Sexism, a form of oppression based on one’s sex, manifests itself in numerous ways and causes enormous suffering. In view of the growing number of experiences of sexism reported online, categorizing these recollections automatically can assist the fight against sexism, as it can facilitate effective analyses by gender studies researchers and government officials involved in policy making. In this paper, we investigate the fine-grained, multi-label classification of accounts (reports) of sexism. To the best of our knowledge, we work with considerably more categories of sexism than any published work through our 23-class problem formulation. Moreover, we propose a multi-task approach for fine-grained multi-label sexism classification that leverages several supporting tasks without incurring any manual labeling cost. Unlabeled accounts of sexism are utilized through unsupervised learning to help construct our multi-task setup. We also devise objective functions that exploit label correlations in the training data explicitly. Multiple proposed methods outperform the state-of-the-art for multi-label sexism classification on a recently released dataset across five standard metrics.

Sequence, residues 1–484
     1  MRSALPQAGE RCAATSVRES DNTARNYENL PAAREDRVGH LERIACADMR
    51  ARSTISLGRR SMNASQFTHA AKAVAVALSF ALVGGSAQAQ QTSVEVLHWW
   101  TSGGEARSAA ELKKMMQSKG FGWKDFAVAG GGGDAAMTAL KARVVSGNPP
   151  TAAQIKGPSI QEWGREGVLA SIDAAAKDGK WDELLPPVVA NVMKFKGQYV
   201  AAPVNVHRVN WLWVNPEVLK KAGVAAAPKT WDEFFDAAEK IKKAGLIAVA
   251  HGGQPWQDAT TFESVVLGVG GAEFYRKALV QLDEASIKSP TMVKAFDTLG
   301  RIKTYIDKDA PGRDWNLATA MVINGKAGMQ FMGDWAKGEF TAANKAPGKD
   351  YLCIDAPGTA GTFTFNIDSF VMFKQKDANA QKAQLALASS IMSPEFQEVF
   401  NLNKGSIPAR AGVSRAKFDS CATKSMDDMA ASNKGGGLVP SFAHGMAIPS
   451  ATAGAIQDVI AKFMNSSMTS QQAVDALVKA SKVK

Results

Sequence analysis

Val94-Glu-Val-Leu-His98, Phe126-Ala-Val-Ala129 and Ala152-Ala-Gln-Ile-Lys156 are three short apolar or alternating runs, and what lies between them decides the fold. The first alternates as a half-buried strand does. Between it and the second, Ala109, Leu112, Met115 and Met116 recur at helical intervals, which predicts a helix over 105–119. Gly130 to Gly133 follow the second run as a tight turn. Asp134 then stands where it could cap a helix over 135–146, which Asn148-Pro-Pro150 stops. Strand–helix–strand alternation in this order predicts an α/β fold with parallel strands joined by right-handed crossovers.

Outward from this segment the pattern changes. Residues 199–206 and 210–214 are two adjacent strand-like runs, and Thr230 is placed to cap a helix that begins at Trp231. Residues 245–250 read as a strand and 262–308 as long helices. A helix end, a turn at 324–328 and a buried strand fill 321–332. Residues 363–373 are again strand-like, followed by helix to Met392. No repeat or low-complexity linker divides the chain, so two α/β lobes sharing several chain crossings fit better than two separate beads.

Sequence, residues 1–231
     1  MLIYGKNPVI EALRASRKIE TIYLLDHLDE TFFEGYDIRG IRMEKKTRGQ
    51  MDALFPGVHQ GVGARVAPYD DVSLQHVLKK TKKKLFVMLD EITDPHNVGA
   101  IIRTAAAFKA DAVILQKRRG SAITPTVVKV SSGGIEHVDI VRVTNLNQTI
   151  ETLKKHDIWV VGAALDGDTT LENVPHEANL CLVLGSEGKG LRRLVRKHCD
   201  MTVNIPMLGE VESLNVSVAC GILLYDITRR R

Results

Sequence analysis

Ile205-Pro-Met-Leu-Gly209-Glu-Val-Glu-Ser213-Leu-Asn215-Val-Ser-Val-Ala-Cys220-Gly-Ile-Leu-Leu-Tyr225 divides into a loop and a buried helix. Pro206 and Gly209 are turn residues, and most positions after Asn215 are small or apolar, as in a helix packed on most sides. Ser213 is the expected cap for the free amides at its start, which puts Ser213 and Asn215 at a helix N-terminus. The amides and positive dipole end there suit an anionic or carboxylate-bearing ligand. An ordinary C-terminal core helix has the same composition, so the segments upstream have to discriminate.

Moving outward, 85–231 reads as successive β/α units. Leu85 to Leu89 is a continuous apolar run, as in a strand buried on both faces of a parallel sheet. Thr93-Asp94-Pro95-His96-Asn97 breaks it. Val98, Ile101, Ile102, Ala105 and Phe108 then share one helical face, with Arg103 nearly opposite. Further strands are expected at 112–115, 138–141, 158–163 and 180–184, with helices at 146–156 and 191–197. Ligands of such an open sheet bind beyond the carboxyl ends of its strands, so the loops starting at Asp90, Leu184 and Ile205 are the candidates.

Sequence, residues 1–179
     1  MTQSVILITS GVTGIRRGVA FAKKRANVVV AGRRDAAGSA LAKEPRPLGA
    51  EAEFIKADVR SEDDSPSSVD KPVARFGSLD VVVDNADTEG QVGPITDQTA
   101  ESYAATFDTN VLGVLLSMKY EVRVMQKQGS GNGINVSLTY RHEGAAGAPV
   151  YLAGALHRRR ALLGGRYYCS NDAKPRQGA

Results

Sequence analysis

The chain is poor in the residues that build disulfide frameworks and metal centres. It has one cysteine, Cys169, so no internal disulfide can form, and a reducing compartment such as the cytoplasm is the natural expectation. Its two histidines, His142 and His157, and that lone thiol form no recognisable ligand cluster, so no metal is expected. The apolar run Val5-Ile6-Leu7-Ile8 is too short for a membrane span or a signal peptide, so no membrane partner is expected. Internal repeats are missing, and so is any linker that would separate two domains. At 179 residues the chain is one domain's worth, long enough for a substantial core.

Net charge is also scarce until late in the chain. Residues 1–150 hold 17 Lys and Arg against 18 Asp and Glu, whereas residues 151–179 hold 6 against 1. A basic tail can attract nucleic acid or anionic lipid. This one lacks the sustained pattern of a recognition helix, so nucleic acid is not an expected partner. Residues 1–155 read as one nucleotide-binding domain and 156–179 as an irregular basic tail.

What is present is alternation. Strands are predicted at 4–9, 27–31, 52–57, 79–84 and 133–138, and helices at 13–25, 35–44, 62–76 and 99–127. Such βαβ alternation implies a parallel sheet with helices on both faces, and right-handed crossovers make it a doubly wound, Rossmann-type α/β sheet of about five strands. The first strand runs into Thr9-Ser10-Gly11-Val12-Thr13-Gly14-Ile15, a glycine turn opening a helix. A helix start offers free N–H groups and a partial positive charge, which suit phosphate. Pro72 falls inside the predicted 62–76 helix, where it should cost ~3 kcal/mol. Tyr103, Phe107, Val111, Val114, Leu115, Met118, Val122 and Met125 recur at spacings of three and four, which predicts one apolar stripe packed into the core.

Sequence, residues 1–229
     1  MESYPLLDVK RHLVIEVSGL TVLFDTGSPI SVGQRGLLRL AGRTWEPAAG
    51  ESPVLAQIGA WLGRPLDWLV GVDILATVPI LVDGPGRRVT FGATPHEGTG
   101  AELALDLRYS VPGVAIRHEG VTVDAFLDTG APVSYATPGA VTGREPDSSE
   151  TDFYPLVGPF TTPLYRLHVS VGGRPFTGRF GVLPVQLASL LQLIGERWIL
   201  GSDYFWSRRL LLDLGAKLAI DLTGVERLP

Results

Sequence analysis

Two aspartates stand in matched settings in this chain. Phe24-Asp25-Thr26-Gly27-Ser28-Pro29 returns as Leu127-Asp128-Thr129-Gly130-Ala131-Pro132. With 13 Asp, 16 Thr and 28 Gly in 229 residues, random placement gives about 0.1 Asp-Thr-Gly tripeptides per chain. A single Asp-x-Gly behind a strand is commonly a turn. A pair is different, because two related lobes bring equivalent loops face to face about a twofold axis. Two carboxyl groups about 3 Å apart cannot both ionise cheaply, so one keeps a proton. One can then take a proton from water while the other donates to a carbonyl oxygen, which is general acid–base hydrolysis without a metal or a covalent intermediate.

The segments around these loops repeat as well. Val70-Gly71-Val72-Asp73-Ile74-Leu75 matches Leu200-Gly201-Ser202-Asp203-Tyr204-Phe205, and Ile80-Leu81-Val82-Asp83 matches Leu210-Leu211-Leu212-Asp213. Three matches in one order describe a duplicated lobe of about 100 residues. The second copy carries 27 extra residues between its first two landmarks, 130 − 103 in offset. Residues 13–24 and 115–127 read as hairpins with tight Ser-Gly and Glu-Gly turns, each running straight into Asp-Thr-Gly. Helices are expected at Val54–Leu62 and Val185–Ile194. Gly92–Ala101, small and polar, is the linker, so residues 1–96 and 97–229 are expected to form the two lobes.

Sexism, an injustice that subjects women and girls to enormous suffering, manifests in blatant as well as subtle ways. In the wake of growing documentation of experiences of sexism on the web, the automatic categorization of accounts of sexism has the potential to assist social scientists and policy makers in utilizing such data to study and counter sexism better. The existing work on sexism classification, which is different from sexism detection, has certain limitations in terms of the categories of sexism used and/or whether they can co-occur. To the best of our knowledge, this is the first work on the multi-label classification of sexism of any kind(s), and we contribute the largest dataset for sexism categorization. We develop a neural solution for this multi-label classification that can combine sentence representations obtained using models such as BERT with distributional and linguistic word embeddings using a flexible, hierarchical architecture involving recurrent components and optional convolutional ones. Further, we leverage unlabeled accounts of sexism to infuse domain-specific elements into our framework. The best proposed method outperforms several deep learning as well as traditional machine learning baselines by an appreciable margin.